“He loved to have the grandkids take his socks off when they were just very young,” said his son, Tim Stocker, who now runs the family farm. “That was one of his favorite things to do.”
George Stocker would have the children remove the right sock first, to reveal a normal-looking foot. Then the left sock. He would revel in the shock and awe.
George Stocker and his wife, Marion Stocker, lived at Sunrise View for years. She turned 91 in April. They shared nearly 70 wedding anniversaries.
The family believes Marion Stocker also contracted the disease, but had mild symptoms. By the time she was tested, the results came back negative.
“She came through this with flying colors,” Tim Stocker said. “Considering they never left each other, it’s just amazing.”
George Stocker was taken to the hospital. He returned to the Everett care center to be close to his wife in his final days. He died March 31.
Arthuro “Art” Bori, 65, of Snohomish, was one of eight patients listed by the medical examiner with no known underlying health conditions. Born on a U.S. Army base in Okinawa, he was a passionate skydiver, travel enthusiast, wildlife photographer, woodworker and food bank volunteer.
His widow, Wendy Bori, 63, planned to join Art in retirement in June. The couple had talked about going to Costa Rica and Iceland. They dreamed of visiting every national park in the United States.
Wendy has since changed her mind.
“I’m going to continue working for a couple more years,” she said. “I just — I can’t face the retirement without him.”
Art died March 31.
“Please be at peace my dear, funny, kind, gentle Art,” read his obituary. “I pray there is endless Pepsi in heaven.”
Men and women
Of the 30 names compiled for this story, 21 were men.
A retired Marine, 43, who loved to square dance, was the county’s first reported death, passing on March 2. He also was the first reported case of community transmission, linked directly to the nation’s first reported case on Jan. 19, another Snohomish County resident who had traveled to Wuhan, China.
An Everett grandmother, 81, was the first woman in the county to die from the virus on March 10. She and her late husband of 60 years loved spending time with their grandkids at sporting events, taking them on trips or hanging out at the beach.
Two more women, Rutter and Lee, died March 16.
Rutter, 42, of Marysville, had been working and going to school for a nursing certificate while raising her children by herself.
Despite being so busy, she always was present in her kids’ lives, said Bryce Levin, who coached her son Elijah.
“She was giving Eli and her kids rides to games,” he said. “She was at summer-league games. She was at all of our basketball games. She was extremely supportive.”
She was the youngest woman in the county to die from the virus.
Friends and co-workers at Costco Travel used words like “shy” and “quiet” to describe Lee, 58, of Everett. But they also mentioned her quick wit, her one-liners and her willingness to dig into a garbage can to make sure an aluminum can was properly recycled.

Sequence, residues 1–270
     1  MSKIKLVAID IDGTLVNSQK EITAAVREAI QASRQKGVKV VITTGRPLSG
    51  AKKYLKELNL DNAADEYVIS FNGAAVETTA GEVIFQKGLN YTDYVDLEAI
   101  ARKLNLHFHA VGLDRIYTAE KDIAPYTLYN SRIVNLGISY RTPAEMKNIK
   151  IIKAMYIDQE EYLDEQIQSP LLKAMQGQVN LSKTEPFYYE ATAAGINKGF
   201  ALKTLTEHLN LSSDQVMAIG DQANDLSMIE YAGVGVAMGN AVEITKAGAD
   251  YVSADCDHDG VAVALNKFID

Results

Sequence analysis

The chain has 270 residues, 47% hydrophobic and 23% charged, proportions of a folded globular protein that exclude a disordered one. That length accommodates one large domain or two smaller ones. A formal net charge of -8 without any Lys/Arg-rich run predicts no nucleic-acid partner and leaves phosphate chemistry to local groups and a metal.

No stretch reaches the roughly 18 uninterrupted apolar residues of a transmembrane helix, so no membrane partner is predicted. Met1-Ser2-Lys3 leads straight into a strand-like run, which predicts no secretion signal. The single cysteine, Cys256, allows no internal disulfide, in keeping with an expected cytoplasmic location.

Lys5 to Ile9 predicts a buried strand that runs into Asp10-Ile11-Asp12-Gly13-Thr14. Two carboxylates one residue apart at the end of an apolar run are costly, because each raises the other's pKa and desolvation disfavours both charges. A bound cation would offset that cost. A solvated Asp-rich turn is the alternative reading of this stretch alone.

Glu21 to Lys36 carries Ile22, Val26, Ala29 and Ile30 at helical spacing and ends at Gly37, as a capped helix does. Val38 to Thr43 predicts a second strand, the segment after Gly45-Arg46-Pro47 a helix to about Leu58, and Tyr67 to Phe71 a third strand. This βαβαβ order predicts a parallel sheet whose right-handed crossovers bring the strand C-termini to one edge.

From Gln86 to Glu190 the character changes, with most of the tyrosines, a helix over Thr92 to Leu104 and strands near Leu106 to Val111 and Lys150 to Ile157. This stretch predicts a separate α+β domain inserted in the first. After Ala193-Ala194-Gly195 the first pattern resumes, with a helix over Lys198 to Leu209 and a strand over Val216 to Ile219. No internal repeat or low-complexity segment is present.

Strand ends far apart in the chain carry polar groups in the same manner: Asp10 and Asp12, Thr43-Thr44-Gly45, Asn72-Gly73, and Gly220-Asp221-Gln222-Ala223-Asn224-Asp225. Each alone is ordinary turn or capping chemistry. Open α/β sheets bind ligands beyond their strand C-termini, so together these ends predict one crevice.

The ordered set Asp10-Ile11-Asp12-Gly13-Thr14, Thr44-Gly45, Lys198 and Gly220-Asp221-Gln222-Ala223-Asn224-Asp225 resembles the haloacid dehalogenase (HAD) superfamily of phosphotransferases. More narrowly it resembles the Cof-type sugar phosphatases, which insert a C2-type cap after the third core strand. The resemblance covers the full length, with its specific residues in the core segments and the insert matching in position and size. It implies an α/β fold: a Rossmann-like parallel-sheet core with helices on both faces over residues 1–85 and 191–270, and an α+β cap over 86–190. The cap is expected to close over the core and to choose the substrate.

“She cared about people and our planet, and the world will suffer a little bit more without her here,” one co-worker wrote.
They also called her caring and thoughtful, whether it was welcoming new hires, surprising people with cookies or candy, or giving a small toy angel to a co-worker with an ailing spouse.
Linda Hansis, 72, graduated from the University of Washington with a bachelor’s degree in botany and a master’s degree in classics, but later chose to become a nurse caring for the terminally ill at a Kirkland hospice facility, according to her obituary. An artistic and creative animal lover, her home was filled with miniature houses she’d built.
Remigio “Romy” Garcia, 71, was born in the Philippines, and worked for the U.S. Embassy in Manila from 1969 to 1991, before immigrating with his family to Washington. An avid gardener, he spent many spring and summer days maintaining his vegetable and flower gardens at his Shoreline home, according to an online fundraiser in his name. He enjoyed taking his dog Cooper out on long walks around the neighborhood.
Clair Dunlap, better known as Toby, fell in love with flight at 5 years old, after a $5 trip out of Whatcom County. He bought his first plane, a Piper Super Cruiser, at age 16 and flew with United Airlines for 36 years, retiring as a captain in 1991. Some of his earliest flights for United were for John F. Kennedy’s presidential campaign in 1960. The future president came up to the cockpit for a long chat, a conversation Toby treasured for the rest of his life. The Edmonds resident, 89, died March 31.
Those left behind
David Rude and Eloise Kagarice were among 15 residents of Sunrise View who have died, as of this week.
Rude, 87, lived a life punctuated by hobbies, the outdoors and family. Growing up he worked at farms and as a film projectionist, before joining the U.S. Army to drive trucks and operate radios. He eventually landed a job as an electrical engineer at Boeing’s Everett plant, a position he held until he retired. He often went hiking and backpacking with his daughter, Kristin Boyd, in the Cascade Range — mainly along Mountain Loop Highway and U.S. 2.
He spent his last few years at Sunrise View, where he grew an appreciation for diet root beer and black licorice, and spent his time watching train videos and listening to polka.
After Rude’s death, Boyd spent the better part of three days writing an obituary.
“In David’s later years,” she wrote, “he took flying, snow skiing, and Estonian language lessons, traveled to Utah for the 2002 Winter Olympic Games and twice to the Baltic country of Estonia, owned a 24 ft. motor boat, started to build a darkroom, had plans to start a printing business, and joined a bowling league.”
While she lived at Sunrise View, the socialite Kagarice, 78, often sat perched at her window, where she could watch the birds and wave to people coming in and out of the building. She had such a sweet tooth that family would hide candy from her, to keep her from eating it all. And she constantly played games with a group of other women, including Bingo about 30 times a week, said her daughter JoAnne Love.
“My mom never missed a game,” Love said. “She never missed anything.”
Even as she entered hospice care, Kagarice kept her humor.
“She was talking and cracking jokes with my daughters,” Love said. “We thought she was going to be fine.”
The family wasn’t ready for Kagarice’s death, said Love, who called it devastating.
“I had no doubt she’d outlive me,” she said.
When travel restrictions are eased, Love said her brother will fly out from Alabama. They’ll drive to Gig Harbor, where Kagarice lived with her late husband. Love and her brother will walk down to the inlet at Tacoma Narrows Bridge, as requested, to spread their parents’ ashes.
Reporters Phillip O’Connor and Zac Hereth contributed to this story.
If you have a loved one who passed away due to complications from COVID-19 and would like to share their stories, contact Herald reporters Zachariah Bryan and Stephanie Davey at firstname.lastname@example.org and email@example.com.